Houston Astros

The last decade was a rollercoaster for the Houston Astros. The team saw its fair share of losing, winning, and drama. We've got to wind back the clock to fully understand the team's wild journey the past ten years.

The Rebuild

Beginning in 2010 and rolling into 2013, the Houston Astros were by far the worst team in all of baseball. Across that three-year window, the Astros never eclipsed more than 56 wins. The team sat at the bottom of the NL Central year after year, before their eventual move to the AL West.

The Astros losing efforts played a pivotal role in their rebuilding process. Year after year, due to poor performance, the Astros sat at the top of the MLB draft. Here, the Astros front office capitalized, drafting the likes of OF George Springer in 2011, followed by SS Carlos Correa in 2012. These two would prove to be vital cornerstones for the organization in the years to come.

The Astros needed to solidify their coach for the future. They did so in 2014 by hiring AJ Hinch, the former Vice President of Scouting for the Padres from 2010-2014. Hinch was a huge voice in the selection of Alex Bregman from LSU. Bregman, teaming up with Correa and second baseman Jose Altuve on the infield, provided the team one of the best infields in all of baseball.

From Rags to Riches

The 2015 season provided a much-needed spark for the franchise. After finishing the regular season at 86-76, the Astros made the playoffs for the first time since 2005. The ten-year playoff drought celebration ended quickly, as they lost in the ALDS, suffering an early exit from post-season play.

However, it was all up from there.

From 2017-19, the Houston Astros were considered one of the best, if not the best team in all of baseball. In each of those three seasons, the Astros won over 100 games and secured the throne in the AL West.

In 2017, the Astros bolstered their pitching rotation by adding 2x AL Cy Young Award Winner Justin Verlander from the Detroit Tigers. Verlander helped lead the Astros in the ALCS against the New York Yankees, winning the ALCS MVP following the series and a berth to the World Series. The Astros went on to win their first World Series title, with a 4-3 series win over the Los Angeles Dodgers.

During that season Jose Altuve bloomed into a star. His 5'6 stature made him an icon, as he collected over 200 hits in the 2017 season and was named AL MVP after leading the majors with a .346 batting average. The World Series was influential for the city, amidst the tragedy of Hurricane Harvey that devastated the Houston area.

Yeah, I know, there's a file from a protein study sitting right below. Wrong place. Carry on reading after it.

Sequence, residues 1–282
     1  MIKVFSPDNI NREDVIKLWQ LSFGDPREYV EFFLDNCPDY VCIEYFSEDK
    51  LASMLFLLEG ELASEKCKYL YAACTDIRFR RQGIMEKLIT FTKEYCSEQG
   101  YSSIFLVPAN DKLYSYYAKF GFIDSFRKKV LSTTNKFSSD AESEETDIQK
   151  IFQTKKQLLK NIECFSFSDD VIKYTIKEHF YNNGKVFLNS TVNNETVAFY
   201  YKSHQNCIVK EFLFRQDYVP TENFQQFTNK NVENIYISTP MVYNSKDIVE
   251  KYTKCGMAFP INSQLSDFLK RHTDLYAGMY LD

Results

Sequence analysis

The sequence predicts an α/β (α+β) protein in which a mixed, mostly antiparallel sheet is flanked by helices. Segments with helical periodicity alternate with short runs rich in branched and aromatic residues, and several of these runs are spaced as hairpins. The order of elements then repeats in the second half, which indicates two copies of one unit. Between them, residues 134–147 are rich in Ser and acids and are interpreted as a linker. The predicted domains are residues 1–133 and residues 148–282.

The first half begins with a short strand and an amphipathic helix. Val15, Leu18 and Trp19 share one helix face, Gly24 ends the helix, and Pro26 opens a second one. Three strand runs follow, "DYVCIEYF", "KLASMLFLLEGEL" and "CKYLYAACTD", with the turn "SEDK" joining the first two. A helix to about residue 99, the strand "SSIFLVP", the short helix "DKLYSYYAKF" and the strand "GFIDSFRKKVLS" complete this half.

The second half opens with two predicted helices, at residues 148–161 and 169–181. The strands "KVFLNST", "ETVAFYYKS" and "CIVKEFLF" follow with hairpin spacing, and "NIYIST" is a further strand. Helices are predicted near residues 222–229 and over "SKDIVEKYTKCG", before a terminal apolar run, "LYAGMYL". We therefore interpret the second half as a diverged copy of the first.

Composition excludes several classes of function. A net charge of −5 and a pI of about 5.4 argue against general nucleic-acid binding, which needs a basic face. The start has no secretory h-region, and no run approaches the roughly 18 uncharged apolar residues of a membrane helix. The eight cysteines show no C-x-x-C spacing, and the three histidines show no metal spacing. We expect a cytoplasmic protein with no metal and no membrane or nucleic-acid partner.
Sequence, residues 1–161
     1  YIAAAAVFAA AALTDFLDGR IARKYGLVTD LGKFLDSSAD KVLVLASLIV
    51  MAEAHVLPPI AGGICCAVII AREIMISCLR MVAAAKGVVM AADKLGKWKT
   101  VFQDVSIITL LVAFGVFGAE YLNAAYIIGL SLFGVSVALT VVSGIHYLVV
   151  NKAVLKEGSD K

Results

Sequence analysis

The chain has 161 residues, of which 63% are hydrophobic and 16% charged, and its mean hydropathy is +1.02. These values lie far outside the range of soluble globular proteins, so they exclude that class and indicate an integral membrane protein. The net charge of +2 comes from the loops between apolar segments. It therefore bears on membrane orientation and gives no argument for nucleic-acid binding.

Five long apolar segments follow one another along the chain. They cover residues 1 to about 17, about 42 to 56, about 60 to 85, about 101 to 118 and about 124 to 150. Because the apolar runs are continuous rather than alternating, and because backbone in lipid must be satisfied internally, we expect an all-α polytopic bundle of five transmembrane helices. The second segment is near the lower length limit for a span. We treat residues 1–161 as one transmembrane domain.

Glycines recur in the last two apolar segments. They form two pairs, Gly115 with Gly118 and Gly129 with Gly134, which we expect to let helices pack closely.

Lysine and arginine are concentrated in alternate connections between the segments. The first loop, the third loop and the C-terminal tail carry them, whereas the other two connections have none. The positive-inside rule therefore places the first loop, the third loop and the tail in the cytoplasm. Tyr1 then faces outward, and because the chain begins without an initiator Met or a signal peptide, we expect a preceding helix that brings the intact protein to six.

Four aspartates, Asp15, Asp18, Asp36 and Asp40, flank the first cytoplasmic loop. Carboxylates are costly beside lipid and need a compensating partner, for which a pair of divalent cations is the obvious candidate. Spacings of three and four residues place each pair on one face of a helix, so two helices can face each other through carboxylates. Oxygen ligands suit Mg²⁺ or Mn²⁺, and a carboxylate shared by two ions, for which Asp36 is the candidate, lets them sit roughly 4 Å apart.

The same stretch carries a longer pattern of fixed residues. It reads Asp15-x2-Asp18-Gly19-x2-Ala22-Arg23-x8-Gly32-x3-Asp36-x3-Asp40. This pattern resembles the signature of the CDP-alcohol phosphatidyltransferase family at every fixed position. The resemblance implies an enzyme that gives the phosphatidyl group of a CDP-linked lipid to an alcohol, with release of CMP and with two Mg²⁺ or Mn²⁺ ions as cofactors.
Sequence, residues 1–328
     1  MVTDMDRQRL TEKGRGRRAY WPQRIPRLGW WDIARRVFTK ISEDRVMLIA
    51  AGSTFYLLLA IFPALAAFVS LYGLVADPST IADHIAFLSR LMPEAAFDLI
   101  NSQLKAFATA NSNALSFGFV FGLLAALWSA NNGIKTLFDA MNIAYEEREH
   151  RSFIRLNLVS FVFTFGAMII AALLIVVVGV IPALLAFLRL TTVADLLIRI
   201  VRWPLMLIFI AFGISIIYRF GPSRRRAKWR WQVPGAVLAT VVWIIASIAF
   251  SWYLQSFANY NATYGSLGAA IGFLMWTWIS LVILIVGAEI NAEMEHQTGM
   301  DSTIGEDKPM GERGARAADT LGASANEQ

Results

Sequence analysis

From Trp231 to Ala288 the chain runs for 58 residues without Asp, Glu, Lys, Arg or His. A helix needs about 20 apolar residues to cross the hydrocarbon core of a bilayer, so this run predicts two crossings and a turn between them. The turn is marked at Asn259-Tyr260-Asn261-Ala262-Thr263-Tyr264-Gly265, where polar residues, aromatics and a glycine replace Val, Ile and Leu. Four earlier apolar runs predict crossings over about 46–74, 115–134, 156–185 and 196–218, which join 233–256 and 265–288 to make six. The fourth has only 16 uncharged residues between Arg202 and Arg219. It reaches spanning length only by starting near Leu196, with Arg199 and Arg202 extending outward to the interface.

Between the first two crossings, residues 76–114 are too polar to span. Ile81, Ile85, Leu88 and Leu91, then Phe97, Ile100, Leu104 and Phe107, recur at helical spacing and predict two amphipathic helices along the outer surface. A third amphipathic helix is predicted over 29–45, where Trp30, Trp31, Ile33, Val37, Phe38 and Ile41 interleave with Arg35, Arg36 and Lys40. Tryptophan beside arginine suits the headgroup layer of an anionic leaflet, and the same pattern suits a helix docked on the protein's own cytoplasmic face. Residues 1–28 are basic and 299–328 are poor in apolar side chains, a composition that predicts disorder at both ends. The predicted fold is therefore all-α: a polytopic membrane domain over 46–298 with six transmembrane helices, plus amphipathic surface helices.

In 2018, the Astros quest to win back to back World Series titles was stopped short in the ALCS by the Boston Red Sox. The Red Sox eventually went on to win the World Series title.

Fast forward to 2019 and the Houston Astros found themselves in the World Series once again, for the second time in three seasons. However, the Washington Nationals prevailed over the club in seven games, denying the Astros of their second World Series title.

The Scandal that Rocked Baseball

Houston's image took a major hit as the team was involved in a sign-stealing scandal that shook all of Major League Baseball. On November 12, 2019, Ken Rosenthal and Evan Drellich wrote an article in The Athletic chronicling allegations that the Astros had used cameras to engage in potentially illicit sign-stealing against opponents, relying on allegations from former Astros pitcher Mike Fiers as a public source and other allegations from unnamed sources.

On January 13, 2020, MLB announced that its investigation found that the Astros did use cameras and video monitors to steal signs of opposing catchers and signal to hitters throughout the 2017 regular season and postseason, and at least part of the 2018 season. However, the league could not confirm whether or not the team engaged in illegal behaviors in their 2019 pennant race.

MLB Commissioner Rob Manfred announced that manager A.J. Hinch and general manager Jeff Luhnow were suspended for one year, and the team would ultimately be stripped of the first-round draft picks the next two seasons. Shortly after, Astros owner Jim Crane announced he had terminated both Hinch and Luhnow.

On January 29, 2020, the Astros announced they hired Dusty Baker as their new manager to replace Hinch. The Astros talented roster has been shunned by the baseball sphere, as they attempt to leave the past in the past in order to create a clean slate for the future. Their players have also been beaned (seemingly on purpose) several times so far this season.